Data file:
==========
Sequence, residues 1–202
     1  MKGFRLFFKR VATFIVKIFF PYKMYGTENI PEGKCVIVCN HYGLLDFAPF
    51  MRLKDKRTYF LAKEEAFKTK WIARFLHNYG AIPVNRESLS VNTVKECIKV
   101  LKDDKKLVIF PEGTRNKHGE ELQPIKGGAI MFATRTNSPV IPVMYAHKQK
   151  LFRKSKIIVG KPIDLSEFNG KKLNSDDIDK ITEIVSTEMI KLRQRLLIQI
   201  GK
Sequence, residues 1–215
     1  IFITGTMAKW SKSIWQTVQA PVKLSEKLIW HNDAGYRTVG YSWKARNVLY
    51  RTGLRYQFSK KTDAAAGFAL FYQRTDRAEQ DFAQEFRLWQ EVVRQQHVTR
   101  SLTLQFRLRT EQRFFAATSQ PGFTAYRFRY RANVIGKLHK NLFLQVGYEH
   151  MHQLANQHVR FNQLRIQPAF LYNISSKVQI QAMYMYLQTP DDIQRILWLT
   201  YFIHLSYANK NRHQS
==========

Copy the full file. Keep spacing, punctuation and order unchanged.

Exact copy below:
Sequence, residues 1–202
     1  MKGFRLFFKR VATFIVKIFF PYKMYGTENI PEGKCVIVCN HYGLLDFAPF
    51  MRLKDKRTYF LAKEEAFKTK WIARFLHNYG AIPVNRESLS VNTVKECIKV
   101  LKDDKKLVIF PEGTRNKHGE ELQPIKGGAI MFATRTNSPV IPVMYAHKQK
   151  LFRKSKIIVG KPIDLSEFNG KKLNSDDIDK ITEIVSTEMI KLRQRLLIQI
   201  GK
Sequence, residues 1–215
     1  IFITGTMAKW SKSIWQTVQA PVKLSEKLIW HNDAGYRTVG YSWKARNVLY
    51  RTGLRYQFSK KTDAAAGFAL FYQRTDRAEQ DFAQEFRLWQ EVVRQQHVTR
   101  SLTLQFRLRT EQRFFAATSQ PGFTAYRFRY RANVIGKLHK NLFLQVGYEH
   151  MHQLANQHVR FNQLRIQPAF LYNISSKVQI QAMYMYLQTP DDIQRILWLT
   201  YFIHLSYANK NRHQS